Elliott Smith was not a guitar-toting troubadour. Or really that much of a sad sack. A longtime Portland resident, Smith was one of the best songwriters of the '90s before he tragically died in 2003 from two self-inflicted stab wounds to the chest. In writer Matt LeMay's 33 1/3 book on Smith's pop opus XO, the scribe for Pitchforkmedia.com and leader of the hooky indie-rock band Get Him Eat Him, discusses the semantics behind Smith's work and how the archetype of Smith as a "folk singer" and "druggie" often overshadows—or more precisely, influences—the way we listen to his body of work. The 33 1/3 series is dedicated to writing critically about canonical pop albums.

LeMay, like many in their mid-20s, first discovered Smith after he performed "Miss Misery" at the 1998 Academy Awards, and he uses that memory as a jumping-off point for his book. That means he has to first debunk the great myth that was created around Smith during XO's release in 1998: that he was the writer of sparse acoustic songs about self-loathing, filled with allusions to suicide and rich personal details about drug use. While it's almost impossible to separate the humble and slightly awkward singer, decked out in a white suit and playing the song on an acoustic guitar, from his immediate work, LeMay repeatedly makes the point that Smith was actually an incredibly talented pop songwriter.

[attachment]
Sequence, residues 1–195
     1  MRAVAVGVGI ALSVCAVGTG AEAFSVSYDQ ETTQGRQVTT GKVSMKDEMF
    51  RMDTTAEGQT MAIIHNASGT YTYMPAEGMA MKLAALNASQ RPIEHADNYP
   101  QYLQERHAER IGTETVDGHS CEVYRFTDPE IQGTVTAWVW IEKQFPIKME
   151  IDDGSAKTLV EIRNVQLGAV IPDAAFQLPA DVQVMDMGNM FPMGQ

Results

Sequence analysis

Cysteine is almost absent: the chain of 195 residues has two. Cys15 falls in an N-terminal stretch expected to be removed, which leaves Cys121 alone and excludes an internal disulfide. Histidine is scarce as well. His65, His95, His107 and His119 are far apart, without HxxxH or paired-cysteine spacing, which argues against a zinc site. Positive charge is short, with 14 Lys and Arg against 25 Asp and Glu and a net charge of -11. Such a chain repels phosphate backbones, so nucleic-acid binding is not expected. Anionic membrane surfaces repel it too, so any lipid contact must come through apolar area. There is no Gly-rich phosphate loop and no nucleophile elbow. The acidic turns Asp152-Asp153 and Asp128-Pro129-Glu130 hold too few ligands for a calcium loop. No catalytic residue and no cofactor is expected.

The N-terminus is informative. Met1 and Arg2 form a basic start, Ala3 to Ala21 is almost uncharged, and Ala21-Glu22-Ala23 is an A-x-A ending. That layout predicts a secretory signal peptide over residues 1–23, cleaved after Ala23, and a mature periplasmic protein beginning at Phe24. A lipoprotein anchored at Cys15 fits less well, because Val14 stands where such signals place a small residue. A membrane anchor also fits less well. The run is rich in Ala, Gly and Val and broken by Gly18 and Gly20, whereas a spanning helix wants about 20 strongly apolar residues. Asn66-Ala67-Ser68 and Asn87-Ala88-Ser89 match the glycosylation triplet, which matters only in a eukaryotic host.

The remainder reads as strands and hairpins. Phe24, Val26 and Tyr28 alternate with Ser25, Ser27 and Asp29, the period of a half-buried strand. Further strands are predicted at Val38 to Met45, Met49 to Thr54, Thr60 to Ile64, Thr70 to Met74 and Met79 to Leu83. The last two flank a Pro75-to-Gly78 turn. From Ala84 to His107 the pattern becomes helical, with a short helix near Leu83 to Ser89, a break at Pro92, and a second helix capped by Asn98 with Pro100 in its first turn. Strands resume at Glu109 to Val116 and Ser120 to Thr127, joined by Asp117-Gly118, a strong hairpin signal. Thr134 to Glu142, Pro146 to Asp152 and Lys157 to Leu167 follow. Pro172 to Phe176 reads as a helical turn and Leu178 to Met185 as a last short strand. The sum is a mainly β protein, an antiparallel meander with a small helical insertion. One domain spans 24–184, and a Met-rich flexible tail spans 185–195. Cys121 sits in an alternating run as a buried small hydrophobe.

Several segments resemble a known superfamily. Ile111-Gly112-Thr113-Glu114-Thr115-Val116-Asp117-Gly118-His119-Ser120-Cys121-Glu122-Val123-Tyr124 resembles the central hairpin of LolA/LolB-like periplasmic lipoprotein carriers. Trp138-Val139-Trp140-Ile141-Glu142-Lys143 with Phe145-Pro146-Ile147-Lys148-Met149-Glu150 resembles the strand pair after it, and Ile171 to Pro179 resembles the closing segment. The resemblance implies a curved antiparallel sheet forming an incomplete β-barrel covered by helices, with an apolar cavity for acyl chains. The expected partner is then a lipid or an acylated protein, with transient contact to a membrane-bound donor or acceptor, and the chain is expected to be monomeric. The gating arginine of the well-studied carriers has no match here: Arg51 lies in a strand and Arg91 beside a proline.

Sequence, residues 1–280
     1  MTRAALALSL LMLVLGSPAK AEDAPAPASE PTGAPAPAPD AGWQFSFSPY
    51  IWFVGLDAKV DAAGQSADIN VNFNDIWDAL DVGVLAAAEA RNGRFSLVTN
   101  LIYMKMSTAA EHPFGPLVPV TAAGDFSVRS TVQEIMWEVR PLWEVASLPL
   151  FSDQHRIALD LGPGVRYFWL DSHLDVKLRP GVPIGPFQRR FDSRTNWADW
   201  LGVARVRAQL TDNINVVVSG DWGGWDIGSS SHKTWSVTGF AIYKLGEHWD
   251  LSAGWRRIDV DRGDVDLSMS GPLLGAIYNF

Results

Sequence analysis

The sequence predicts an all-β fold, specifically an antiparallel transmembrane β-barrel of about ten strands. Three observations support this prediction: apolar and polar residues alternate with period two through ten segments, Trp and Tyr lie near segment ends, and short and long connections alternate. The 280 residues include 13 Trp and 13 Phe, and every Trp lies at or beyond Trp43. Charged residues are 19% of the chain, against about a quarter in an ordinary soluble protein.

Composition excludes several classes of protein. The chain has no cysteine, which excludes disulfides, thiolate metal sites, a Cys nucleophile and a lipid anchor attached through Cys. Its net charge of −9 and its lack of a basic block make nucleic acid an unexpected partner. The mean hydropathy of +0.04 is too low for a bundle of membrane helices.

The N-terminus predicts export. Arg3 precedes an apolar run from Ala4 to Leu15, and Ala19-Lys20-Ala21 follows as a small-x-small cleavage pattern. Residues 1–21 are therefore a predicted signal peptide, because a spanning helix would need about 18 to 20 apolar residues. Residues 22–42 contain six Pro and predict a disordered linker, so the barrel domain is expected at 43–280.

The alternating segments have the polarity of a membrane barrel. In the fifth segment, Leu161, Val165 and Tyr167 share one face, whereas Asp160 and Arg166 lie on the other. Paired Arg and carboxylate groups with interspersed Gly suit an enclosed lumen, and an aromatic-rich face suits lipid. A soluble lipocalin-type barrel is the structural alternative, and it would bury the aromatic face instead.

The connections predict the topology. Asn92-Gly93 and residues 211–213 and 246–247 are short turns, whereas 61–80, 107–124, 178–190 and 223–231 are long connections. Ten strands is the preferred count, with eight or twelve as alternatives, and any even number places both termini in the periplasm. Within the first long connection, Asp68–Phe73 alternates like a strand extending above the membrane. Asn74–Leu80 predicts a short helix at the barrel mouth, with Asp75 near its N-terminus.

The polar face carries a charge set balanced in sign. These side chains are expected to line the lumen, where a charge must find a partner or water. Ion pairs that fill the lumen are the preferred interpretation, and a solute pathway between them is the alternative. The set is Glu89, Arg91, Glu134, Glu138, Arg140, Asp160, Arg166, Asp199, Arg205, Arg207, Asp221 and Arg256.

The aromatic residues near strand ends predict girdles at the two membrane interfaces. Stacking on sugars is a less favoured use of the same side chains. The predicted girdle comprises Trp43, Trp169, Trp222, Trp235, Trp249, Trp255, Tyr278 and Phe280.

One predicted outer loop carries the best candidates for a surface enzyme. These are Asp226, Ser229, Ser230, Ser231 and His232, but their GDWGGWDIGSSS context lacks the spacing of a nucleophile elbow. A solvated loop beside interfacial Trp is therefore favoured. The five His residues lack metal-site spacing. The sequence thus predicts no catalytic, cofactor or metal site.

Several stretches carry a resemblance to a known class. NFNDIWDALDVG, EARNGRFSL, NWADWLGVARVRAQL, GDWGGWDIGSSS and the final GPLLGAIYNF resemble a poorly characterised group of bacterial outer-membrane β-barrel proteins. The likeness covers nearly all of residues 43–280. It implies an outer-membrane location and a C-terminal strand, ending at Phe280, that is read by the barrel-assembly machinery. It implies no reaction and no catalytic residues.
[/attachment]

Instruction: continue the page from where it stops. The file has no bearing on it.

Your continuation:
Most of the book is dedicated to breaking XO down track by track, tracing the progression of the 14 songs that ultimately made the final cut. In doing so, LeMay points out that the final version of songs like "Waltz #2 (XO)" and "Everybody Cares, Everybody Understands" are significantly less personal than their original incarnations. As Smith tweaked his songs, he tended to move away from personal experience and narrative; direct addresses became third-person pronouns, and the oft-quoted language about drug use is used to reflect outward, not inward. Interviews with Larry Crane (Jackpot! Recording Studio creator and close friend of Smith's) and Rob Schnapf and Tom Rothrock (recording and mixing on XO), plus LeMay's careful listening to an extensive catalog of demos and live recordings, further enhance this claim.

Though LeMay's writing is a bit academic, his knowledge and the incredibly detailed deconstruction of Smith's catalog puts the focus squarely on XO—something many other books in the 33 1/3 series miss by trying to contextualize an album too much to the outside world. Ultimately the debate at the heart of the book is the idea of objective listening. It's a conversation that has raged in criticism before music critics even existed: Is the process of listening to music always influenced by the social and cultural ideas surrounding it? Smith's legacy might be as a cautionary, tragic figure, but maybe that's missing the point. For once, we should let the music speak for itself.


Matt LeMay reads from

Elliott Smith’s XO

at Reading Frenzy, 921 SW Oak St., 274-1449. 7 pm Thursday, May 21. Free.